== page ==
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This Week in Nucleic Acids Research: Jan 21, 2015

A team from the UK and Singapore introduces an analytical approach called EvoTol, designed to classify disease-causing mutations and associated genes using exome sequence data. The approach takes a gene's sequence conservation, mutation tolerance predictions, and tissue-specific gene expression profiles into consideration, authors of the study say, noting that their proof-of-principle experiments uncovered disease-related gene candidates in whole-exome sequence data from individuals with epilepsy or congenital heart disease. "Application of EvoTol to the human interactome revealed networks enriched for genes intolerant to protein sequence variation," they note, "informing novel polygenic contributions to human disease."

Researchers from Denmark describe a computational method aimed at assessing transcriptional activity based on cues from intervening sequence, or intron, coverage in RNA sequence data. The approach, known as iRNA-seq, appeared to perform favorably when compared to results generated by more specialized sequencing methods such as global run-on sequencing or chromatin immunoprecipitation sequencing targeting the RNA polymerase II enzyme. "[U]nlike the current methods that are all very labor intensive and demanding in terms of sample material and technologies," the study's author argue, "iRNA-seq is cheap and easy and requires very little sample material."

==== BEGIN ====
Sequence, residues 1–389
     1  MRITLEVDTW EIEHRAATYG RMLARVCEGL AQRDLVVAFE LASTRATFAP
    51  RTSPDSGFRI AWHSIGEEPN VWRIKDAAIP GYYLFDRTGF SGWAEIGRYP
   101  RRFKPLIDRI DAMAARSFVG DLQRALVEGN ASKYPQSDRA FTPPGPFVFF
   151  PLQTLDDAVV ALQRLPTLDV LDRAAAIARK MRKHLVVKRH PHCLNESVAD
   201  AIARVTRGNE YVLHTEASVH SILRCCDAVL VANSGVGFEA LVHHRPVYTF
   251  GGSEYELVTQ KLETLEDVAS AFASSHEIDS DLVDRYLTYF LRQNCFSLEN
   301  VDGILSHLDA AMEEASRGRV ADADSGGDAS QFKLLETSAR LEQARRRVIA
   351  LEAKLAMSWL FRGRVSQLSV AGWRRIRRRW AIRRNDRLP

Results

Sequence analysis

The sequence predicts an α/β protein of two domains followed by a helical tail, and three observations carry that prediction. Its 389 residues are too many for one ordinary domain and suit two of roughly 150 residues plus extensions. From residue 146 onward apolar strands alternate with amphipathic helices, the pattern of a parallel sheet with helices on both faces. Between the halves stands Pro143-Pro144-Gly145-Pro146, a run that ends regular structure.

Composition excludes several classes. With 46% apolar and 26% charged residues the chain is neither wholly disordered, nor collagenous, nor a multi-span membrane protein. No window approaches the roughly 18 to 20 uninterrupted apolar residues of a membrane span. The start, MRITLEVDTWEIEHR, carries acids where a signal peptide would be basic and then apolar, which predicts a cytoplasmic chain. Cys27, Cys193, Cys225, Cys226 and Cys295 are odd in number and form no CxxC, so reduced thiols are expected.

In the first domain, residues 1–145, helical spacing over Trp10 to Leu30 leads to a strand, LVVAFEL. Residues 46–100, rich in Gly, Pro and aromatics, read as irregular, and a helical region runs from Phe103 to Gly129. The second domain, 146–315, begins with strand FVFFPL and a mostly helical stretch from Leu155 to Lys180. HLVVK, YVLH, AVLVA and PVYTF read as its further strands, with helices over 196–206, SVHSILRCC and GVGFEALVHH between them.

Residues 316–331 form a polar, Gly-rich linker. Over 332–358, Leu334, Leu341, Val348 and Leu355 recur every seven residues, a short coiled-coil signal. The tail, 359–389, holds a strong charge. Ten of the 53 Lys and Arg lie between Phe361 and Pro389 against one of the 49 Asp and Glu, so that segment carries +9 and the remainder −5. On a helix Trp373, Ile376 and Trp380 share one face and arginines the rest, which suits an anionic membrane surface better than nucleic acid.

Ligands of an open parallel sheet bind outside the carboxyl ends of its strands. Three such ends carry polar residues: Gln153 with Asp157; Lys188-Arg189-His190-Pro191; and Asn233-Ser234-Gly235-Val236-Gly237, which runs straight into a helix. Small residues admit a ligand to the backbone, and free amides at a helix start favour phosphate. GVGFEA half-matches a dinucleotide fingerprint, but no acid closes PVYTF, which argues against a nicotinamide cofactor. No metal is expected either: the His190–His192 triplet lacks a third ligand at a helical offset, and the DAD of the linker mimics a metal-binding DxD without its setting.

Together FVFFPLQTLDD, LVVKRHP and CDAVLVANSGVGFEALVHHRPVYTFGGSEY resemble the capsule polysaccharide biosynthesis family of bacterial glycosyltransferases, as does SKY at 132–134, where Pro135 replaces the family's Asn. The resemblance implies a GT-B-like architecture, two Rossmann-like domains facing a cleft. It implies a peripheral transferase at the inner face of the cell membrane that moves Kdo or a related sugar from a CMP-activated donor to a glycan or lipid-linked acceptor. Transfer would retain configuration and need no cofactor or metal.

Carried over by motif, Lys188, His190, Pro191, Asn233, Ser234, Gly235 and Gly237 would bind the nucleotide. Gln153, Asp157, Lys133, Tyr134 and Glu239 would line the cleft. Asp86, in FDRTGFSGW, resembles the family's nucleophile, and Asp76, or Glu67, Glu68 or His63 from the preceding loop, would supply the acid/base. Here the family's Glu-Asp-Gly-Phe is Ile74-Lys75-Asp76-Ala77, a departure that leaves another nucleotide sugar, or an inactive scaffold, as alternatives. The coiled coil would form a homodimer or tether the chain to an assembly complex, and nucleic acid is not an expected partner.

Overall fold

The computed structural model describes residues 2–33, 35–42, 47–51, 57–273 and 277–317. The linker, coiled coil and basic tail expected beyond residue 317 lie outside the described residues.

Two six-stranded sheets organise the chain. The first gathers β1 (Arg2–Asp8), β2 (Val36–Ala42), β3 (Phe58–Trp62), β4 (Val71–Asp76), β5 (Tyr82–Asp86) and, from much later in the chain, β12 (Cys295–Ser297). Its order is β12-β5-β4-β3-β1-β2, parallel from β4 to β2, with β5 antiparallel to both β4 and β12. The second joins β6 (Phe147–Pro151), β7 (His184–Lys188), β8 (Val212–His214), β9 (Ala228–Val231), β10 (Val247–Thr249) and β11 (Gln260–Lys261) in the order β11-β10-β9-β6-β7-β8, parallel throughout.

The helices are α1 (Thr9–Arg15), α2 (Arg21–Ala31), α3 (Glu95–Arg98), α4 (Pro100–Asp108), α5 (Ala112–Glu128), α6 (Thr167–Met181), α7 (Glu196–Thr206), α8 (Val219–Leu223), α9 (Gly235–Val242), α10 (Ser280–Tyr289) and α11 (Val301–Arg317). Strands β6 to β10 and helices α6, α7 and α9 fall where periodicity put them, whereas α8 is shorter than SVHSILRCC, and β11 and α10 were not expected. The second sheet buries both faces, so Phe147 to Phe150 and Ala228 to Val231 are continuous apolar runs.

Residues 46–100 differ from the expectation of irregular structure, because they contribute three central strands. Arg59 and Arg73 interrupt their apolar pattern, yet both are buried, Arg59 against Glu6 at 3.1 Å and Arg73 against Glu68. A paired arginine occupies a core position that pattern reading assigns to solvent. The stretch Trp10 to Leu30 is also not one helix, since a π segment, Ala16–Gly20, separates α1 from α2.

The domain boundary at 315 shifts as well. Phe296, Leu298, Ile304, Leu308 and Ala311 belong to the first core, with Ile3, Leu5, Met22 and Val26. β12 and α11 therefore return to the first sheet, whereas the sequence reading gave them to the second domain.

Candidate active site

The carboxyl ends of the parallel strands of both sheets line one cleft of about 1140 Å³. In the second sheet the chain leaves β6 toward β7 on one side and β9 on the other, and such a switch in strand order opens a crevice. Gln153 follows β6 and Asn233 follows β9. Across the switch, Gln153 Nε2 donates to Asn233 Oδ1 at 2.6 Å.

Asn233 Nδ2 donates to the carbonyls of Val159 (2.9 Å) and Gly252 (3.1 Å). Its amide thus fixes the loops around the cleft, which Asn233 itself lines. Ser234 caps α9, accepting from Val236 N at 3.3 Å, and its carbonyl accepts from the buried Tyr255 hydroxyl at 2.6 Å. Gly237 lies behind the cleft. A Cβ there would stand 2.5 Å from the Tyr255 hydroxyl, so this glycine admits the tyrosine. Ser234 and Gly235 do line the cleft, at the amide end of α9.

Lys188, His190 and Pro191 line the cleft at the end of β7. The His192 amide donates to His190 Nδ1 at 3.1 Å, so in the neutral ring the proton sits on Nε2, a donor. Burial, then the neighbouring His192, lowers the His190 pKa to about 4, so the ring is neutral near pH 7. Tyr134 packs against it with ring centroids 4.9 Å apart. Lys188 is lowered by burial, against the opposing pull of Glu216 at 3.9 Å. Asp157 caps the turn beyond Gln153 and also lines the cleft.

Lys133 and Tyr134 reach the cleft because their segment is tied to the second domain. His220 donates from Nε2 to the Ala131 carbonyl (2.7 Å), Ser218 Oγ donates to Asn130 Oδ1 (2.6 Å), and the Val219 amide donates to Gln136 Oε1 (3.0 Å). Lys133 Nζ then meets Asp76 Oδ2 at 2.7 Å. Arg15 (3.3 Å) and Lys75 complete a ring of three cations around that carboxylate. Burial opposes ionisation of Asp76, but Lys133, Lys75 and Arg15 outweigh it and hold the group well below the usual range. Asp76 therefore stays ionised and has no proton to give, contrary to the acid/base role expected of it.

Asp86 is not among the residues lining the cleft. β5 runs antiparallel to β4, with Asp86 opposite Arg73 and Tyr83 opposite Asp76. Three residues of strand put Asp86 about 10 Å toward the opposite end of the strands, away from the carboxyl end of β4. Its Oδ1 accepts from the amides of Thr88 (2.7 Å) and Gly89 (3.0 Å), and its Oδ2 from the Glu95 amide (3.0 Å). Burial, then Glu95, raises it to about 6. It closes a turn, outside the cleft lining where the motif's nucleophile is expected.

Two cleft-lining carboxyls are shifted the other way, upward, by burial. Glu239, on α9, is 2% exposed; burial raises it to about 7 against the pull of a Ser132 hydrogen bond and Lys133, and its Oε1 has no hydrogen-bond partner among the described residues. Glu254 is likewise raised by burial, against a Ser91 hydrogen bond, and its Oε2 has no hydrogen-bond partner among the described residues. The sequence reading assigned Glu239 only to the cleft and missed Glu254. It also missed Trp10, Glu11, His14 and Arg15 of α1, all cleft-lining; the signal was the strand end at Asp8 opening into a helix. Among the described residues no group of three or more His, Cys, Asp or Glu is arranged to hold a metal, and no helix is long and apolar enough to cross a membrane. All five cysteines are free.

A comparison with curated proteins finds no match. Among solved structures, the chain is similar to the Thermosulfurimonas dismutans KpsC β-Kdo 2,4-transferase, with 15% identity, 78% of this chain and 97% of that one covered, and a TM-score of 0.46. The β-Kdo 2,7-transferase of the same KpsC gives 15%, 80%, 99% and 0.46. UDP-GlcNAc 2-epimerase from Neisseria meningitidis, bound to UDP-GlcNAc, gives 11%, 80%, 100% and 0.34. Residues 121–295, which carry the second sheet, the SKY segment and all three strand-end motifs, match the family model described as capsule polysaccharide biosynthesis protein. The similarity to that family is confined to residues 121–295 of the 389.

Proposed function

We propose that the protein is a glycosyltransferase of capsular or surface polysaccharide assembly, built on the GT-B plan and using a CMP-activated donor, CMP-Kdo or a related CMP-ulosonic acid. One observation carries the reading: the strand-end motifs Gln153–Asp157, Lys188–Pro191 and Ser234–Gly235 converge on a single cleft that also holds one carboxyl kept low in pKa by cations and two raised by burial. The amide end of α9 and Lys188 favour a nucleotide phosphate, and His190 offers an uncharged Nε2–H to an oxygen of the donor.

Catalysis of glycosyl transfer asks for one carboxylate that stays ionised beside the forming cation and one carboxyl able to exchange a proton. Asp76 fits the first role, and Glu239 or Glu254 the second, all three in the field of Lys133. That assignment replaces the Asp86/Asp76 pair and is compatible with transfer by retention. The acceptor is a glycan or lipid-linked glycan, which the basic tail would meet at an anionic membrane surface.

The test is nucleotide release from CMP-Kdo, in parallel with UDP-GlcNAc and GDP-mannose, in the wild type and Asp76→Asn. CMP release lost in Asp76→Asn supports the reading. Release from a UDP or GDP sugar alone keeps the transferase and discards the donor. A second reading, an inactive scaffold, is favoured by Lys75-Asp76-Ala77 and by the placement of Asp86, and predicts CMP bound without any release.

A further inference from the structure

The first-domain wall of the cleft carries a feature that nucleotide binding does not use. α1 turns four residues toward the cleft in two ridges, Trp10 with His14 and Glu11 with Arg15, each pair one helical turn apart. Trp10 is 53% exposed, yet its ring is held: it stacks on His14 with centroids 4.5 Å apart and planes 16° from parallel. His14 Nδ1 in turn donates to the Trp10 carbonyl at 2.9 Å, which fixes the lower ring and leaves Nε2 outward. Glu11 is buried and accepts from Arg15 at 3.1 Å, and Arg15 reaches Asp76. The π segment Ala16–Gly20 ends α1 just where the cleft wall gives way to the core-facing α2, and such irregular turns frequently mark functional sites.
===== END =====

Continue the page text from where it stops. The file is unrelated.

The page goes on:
German researchers report on transcriptional patterns in Candida glabrata, a fungal species that sometimes causes hospital- or healthcare center-associated infections. The team performed RNA sequencing on C. glabrata strains grown under different nutrient conditions and salinity profiles. Together with gene prediction software, this transcriptome sequence data led to dozens of predicted protein-coding genes, non-coding genes, introns, and alternative splicing patterns, improving the existing annotation for C. glabrata. Through comparisons with related fungal species such as Saccharomyces cerevisiae and C. albicans, meanwhile, the study's authors identified distinct C. glabrata features associated with response to particular pH or nitrogen conditions.